I thought back to a conversation Cole and I had had on the drive in where we discussed people's perceptions of hunters. He mentioned that the one thing that makes humans different from all other predators is that we have ethics: we choose to limit when and how we hunt to do what's best for the long term health of each species. That's why we have laws and seasons and fair chase. I was proud of being a hunter who chose to backcountry archery hunt on public land, perhaps the most challenging way to harvest a big game animal. I'd invested a decade of blood, sweat, and tears in the backcountry, and there was no way I was going to sacrifice all that has done for my character for a trophy rug.

I knew immediately it was the only thing I could do. It was the only way to redeem what had happened, to be the kind of man I wanted to be.

I looked up the number for the local Parks and Wildlife office and punched it in. A lady answered the phone. "I've made a huge mistake, and I need to know what to do."

Every person with Parks and Wildlife I dealt with over the following two days was incredibly kind, gracious, and professional. Not one thing was said to me by an officer to try to make me feel worse than I already did. The lady on the phone had to get her supervisor, who then asked us to finish taking care of the meat and to call the local sheriff’s office once we were back at our vehicle. She told me they would then contact the Wildlife Officer on duty, who would come out and meet us.

Although I still felt terrible about what had happened, I immediately felt the relief of doing the right thing. More than anything else, I wanted to live a story that I'd be proud to tell to my kids. I wasn't sure what was going to happen. I knew the bear would be confiscated and I'd be facing stiff fines—possibly the loss of hunting privileges. I hoped that jail wasn't a possibility since I had turned myself in.

Cole and I soberly finished field dressing the bear and began the long uphill hike to our camp in silence. Back on top of the ridge, my phone buzzed with a text message. "This is Jeff G., game warden with Parks and Wildlife. I understand you shot a bear today. When you get done field dressing it, go ahead and get it cooled down at your camp, and I'll meet you there early in the morning. Give me a call when you get good service, or send me a text."

I breathed a sigh of relief. This didn't look like a message from a man who was about to arrest me. I called him and explained that our camp was in the backcountry a long way from our truck. We agreed that Cole and I would hike out the two hours back to our vehicle the following morning and he'd meet us there at 8 a.m.

I did not sleep well that night. I was now battling the shame of what I'd done.

When Jeff pulled up next morning, he asked me to join him in his truck so I could tell him what happened. I told him the same story I've told here. I described the encounter, my shot, and the excitement I felt at my first harvest being a bear. Then I relayed how I'd discovered that I'd taken it illegally. He asked me why I'd called it in. I told him I wanted to be able to look my kids in the eye and tell them I'd made a mistake but then done the right thing. I said I couldn't live with myself if I'd lied about this. He thanked me for my honesty and asked me to return to my vehicle while he decided what to do.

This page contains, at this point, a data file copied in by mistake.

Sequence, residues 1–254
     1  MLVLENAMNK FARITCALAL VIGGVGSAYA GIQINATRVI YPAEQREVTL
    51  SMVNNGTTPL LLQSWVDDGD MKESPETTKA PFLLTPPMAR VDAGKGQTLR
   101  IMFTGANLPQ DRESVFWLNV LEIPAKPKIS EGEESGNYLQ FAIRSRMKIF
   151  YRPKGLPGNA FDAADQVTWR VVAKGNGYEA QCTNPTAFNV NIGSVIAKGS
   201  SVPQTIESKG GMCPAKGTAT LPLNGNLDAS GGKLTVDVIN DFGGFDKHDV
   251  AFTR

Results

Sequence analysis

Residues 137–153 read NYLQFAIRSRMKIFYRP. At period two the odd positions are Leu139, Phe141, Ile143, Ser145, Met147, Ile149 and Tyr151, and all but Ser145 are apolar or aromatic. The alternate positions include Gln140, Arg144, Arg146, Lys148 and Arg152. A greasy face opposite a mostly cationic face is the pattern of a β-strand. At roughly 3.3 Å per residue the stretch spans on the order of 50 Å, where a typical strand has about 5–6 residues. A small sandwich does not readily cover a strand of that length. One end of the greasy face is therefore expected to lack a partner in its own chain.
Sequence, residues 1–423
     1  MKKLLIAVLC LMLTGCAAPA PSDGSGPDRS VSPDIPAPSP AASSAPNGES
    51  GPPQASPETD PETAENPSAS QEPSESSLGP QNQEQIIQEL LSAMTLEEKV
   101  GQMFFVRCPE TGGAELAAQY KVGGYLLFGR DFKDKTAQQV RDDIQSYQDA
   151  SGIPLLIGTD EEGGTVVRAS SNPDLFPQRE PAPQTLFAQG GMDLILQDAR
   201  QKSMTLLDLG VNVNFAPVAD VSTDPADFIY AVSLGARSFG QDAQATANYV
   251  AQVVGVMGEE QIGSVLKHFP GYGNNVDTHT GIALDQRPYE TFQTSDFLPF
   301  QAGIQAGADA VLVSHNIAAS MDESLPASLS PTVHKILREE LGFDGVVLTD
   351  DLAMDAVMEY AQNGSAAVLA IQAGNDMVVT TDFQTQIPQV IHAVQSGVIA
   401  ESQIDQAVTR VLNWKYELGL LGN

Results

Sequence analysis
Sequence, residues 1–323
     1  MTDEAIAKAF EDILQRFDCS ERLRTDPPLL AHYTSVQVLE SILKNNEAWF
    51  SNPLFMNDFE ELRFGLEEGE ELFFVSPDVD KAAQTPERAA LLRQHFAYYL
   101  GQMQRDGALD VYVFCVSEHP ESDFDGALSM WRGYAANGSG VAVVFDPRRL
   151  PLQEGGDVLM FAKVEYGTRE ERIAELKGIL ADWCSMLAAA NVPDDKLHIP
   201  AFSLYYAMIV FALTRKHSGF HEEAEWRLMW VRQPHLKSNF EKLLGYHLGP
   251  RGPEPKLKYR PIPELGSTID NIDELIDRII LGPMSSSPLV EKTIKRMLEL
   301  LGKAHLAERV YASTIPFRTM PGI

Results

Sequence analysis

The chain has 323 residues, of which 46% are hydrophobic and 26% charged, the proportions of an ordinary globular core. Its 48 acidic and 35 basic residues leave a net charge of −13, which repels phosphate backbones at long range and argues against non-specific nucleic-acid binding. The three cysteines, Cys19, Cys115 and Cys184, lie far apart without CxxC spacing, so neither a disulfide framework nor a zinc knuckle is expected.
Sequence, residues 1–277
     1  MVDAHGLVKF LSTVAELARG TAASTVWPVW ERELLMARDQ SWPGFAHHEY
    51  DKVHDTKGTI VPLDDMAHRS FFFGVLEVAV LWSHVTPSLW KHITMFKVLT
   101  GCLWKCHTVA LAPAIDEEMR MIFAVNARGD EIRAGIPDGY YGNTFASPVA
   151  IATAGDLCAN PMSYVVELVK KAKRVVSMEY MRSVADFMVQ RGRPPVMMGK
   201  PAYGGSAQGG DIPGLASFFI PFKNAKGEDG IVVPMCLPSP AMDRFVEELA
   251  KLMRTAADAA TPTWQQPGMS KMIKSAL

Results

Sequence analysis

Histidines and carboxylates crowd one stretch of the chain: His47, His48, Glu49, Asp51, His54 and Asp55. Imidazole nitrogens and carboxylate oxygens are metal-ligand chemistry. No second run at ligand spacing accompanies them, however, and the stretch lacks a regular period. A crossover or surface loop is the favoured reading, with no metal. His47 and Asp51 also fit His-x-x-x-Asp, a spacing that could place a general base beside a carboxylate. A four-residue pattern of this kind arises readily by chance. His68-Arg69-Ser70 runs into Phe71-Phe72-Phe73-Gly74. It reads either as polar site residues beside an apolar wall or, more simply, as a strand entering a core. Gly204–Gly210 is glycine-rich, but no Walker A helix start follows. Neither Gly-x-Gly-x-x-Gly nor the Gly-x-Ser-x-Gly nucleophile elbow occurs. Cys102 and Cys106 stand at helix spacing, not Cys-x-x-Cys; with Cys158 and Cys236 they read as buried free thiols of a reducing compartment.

I went and sat with Cole for what seemed like an eternity.

Eventually Jeff called me back over to his truck. He pulled out his citation book and began to go over the citation line by line. Did unlawfully hunt wildlife out of season. Did unlawfully take wildlife out of season. Did unlawfully fail to immediately attempt to take all edible meats (he explained with a bear one needs to take the back straps and tenderloins in addition to the quarters). Did unlawfully fail to immediately void tag. The list went on, and the fines added up to over $3000. Jeff explained that he wasn't even listing the very expensive taking a bear between March 1st and September 1st (a $5000 fine) or the failure to have proof of sex attached to meat.

As he went down the list, I noticed he'd written "WARNING" in the fine amount column next to each one except the first charge.  He explained that he was only citing me for hunting out of season—a $961.50 fine—and would be issuing me a warning for everything else.

Jeff explained to me that the point system for hunting violations means you likely lose hunting privileges at 20 points; my violations added up to over 50. By only citing me for one thing, I'd only have 15 points and wouldn't lose my ability to hunt. "I want you to be able to take your son hunting next year, and if I cited you for anything else, you wouldn't be able to do that for a long time," he said.

He went on, "Now we need to talk about the bear. I can't let you keep it, so I'm going to have to confiscate it. But what I can do is donate it to your hunting partner if he's willing to take it. Then he can do with it as he pleases." He smiled, and I couldn't hold back the tears. I can't even now as I write this. "I'd like to shake your hand, Jon," Jeff said, "You're a good man. I wish there were more hunters like you. We all make mistakes—what we do after we make them is what defines us as a man."

And with that, he handed Cole a donation certificate for one sow bear and got back in his truck and drove away. 

In our community, we have a tradition of naming each animal we harvest. It's a way of honoring them and their place in our story. Last year I was able to help Cole harvest Steve. This year Cole was able to give me my first large game harvest—a beautiful bear I've named Grace. I would have named her Jeff, but that's not very ladylike.